Regardless of which convention center you were in, or where you were on the floor, at this year's Fall Comdex in Las Vegas, there was one product that was impossible to avoid - MP3 players. It seemed like everywhere that you turned, there was another company with an MP3 player.
Despite court battles with the RIAA, Diamond got it all started right about this time last year with the Rio PMP300 - the first widely distributed portable MP3 player. Once the courts decided that the RIAA had no case, the floodgates were opened for every other manufacturer out there to release their own portable MP3 player.
The latest models sport a number of improvements over the original Rio PMP300, including increased storage space, improved sound quality, smaller designs, and USB support.
Everyone from Pine Technology to Sony has some form of portable digital audio device that has no moving parts. Actually, these two companies represent two different extremes of the portable digital audio craze. Pine has a couple of different models, but the model that stands out in their product line is a device that looks much like a portable CD player. This puppy plays MP3's off CD's, while doubling as a real CD player. That means you give up some portability and introduce moving parts in exchange for over 20 times the storage space of early portable MP3 players. Rumor has it that Diamond / Rioport is looking to license the design and resell it under the Rio label. Pine also had typical Rio style devices on display. Improvements include an FM tuner and USB interface support.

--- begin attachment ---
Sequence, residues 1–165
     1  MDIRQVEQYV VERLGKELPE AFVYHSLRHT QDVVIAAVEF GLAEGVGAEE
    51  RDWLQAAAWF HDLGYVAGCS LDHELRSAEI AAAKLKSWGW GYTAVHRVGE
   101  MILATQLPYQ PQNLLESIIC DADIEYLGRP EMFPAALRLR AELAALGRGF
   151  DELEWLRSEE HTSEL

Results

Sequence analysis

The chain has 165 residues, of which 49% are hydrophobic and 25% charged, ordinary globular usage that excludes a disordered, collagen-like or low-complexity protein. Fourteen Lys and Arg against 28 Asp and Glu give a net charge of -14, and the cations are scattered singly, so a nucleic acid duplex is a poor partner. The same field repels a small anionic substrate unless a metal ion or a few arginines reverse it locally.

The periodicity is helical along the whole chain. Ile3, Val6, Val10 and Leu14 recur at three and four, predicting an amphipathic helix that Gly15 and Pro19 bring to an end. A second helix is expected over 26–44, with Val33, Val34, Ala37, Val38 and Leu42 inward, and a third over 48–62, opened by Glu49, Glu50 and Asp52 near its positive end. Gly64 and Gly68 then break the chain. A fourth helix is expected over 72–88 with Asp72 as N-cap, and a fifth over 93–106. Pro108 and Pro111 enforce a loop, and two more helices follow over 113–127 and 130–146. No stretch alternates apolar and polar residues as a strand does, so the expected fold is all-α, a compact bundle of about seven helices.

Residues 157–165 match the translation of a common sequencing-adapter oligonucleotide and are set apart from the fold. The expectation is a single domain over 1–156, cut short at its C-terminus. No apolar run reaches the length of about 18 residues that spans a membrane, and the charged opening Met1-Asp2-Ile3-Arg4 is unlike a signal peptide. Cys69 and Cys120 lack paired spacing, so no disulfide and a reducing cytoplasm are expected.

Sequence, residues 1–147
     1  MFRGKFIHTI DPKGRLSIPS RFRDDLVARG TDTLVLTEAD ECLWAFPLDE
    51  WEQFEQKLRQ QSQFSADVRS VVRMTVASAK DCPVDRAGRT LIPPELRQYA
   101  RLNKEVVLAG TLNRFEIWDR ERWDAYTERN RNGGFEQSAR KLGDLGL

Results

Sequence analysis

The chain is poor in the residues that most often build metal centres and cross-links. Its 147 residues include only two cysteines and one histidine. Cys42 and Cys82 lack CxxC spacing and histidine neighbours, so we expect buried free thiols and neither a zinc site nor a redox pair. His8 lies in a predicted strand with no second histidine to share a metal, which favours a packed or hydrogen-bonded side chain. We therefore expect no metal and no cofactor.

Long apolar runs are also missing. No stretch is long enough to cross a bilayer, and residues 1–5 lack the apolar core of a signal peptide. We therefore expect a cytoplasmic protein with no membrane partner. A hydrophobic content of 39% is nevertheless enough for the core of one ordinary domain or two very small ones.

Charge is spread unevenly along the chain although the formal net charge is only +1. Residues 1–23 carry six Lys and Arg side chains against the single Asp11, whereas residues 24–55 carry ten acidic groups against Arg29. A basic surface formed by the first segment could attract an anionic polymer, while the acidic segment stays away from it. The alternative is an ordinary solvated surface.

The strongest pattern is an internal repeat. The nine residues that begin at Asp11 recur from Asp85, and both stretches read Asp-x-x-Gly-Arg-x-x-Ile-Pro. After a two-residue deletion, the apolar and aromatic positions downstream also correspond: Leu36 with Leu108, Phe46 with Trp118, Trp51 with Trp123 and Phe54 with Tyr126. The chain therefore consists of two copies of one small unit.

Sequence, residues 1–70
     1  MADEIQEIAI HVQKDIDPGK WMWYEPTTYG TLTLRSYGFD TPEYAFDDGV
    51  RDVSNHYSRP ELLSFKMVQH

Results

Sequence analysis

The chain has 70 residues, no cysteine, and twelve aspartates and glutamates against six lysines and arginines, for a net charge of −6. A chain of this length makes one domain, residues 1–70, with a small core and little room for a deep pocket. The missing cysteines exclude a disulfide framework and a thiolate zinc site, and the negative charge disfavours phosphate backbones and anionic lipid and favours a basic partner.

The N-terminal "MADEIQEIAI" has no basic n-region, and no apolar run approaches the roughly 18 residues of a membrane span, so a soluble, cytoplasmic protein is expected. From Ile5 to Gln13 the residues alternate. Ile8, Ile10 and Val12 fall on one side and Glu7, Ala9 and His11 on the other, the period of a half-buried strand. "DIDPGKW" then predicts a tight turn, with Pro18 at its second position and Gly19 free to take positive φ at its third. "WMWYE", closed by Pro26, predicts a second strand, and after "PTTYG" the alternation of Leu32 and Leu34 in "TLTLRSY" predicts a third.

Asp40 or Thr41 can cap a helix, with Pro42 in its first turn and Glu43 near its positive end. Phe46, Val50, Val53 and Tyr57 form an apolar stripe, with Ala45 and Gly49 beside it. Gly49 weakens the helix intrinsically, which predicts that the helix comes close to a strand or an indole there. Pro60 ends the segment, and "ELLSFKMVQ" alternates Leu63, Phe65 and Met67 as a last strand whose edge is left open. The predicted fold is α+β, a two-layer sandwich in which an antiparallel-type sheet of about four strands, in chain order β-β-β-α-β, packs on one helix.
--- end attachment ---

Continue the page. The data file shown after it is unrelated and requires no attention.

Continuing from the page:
MP3 players are coming out in more than just portable format. On display at Comdex was a Chevy Suburban pumping the tunes using a fully tweaked Alpine system interfaced with E-MPEG, one of the original MP3 players for use in a car.
Diamond, of course, had newer versions of the Rio with support for USB and more storage space. Creative Labs was also showing their second generation device, the Nomad II, which adds USB support, an FM tuner, and the ability to flash the device firmware to support future media formats.